Unmet expectations are the root of a significant number of conflicts. If you’ve read just about any book on marriage, you have probably read a chapter on how unmet expectations can have deadly consequences. It’s not just an issue that’s relevant in marriage, but it has an impact on all relationships. It is especially relevant to our relationship with God.

The covenant people have rarely been content with the limited amount of revelation God has given them. They are often in search of answers that Scripture does not provide.

Have you learned to be content with the revealed will of God or do you constantly worry yourself about things that are off in the future?

Rarely does Jesus meet our every expectation in a given passage. At times we think he is too soft. At other times we think he is too harsh.

Are you satisfied with who Jesus is? Are you content to trust that he knows more than you about every situation you experience?

› Jesus turns his attention from John’s disciples to the crowd.

2. Jesus Questions  the Crowd  (24-30)

Jesus questions the crowd’s motives for going out to the Jordan to listen to John. The nature of his questions reveal what he believes about their intentions.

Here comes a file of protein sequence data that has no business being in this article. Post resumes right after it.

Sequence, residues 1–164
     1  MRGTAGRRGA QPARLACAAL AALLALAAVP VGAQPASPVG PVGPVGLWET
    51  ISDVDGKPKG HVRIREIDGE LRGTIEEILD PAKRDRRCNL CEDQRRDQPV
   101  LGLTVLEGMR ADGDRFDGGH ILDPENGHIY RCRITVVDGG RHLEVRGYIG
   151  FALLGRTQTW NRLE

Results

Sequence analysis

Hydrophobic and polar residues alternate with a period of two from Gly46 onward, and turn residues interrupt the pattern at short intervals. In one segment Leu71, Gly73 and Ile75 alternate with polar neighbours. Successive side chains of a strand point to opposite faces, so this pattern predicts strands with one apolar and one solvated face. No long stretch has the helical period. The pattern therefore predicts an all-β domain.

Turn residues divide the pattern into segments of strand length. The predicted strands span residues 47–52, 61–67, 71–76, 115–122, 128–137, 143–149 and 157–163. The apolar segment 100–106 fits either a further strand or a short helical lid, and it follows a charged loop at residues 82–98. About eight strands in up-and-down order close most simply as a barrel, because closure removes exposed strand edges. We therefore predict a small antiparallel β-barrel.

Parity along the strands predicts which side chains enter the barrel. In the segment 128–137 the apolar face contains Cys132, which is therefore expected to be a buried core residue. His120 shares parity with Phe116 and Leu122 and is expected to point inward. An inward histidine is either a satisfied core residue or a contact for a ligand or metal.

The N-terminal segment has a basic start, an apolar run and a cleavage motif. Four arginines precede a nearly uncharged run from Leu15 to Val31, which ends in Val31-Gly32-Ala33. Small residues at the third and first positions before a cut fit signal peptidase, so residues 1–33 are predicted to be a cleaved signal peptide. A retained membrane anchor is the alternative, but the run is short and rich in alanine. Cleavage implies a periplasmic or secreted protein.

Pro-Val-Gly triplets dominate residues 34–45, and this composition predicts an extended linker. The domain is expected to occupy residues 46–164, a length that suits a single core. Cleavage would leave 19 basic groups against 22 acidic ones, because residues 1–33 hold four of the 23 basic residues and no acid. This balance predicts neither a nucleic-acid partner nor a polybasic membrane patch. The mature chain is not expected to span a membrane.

Jesus affirms that John was a prophet quoting from Exod. 23:20 and Mal. 3:1. In context, these passages encourage faithfulness among the covenant people of God.

In fact, there is no human being greater than John. But he adds a curious comment about the least being in the kingdom of God being greater than John. What does he mean by this?

Jesus seems to be referring to those who were able to witness the full ministry of Jesus Christ. The least person who accepts Jesus’s teaching, having entered into the new covenant kingdom of God, are better off because they have experienced the fulfillment of what John only prophesied would come. He is speaking of those who witnessed what John had only anticipated.

J.C. Ryle states:

“He declares that the religious light of the least disciple who lived after His crucifixion and resurrection, would be far greater than that of John Baptist, who died before those mighty events took place. The weakest believing hearer of St. Paul would understand things, by the light of Christ’s death on the cross, which John the Baptist could never have explained.”

As the recipients of the New Testament, we should be filled with gratitude that those of us with the humblest level of knowledge about the gospel have more light than the greatest prophets of the Old Testament!

Those who had been baptized by John agreed with everything Jesus said, but the Pharisees, who had not been baptized by John, rejected what Jesus said.

In other words, those who recognized their need to repent were willing to accept the gospel. Those who were filled with pride, justified themselves by their actions and rejected the notion that they needed to repent.

John Owen said:

“He that hath slight thoughts of sin never had great thoughts of God.”

Kent Hughes writes: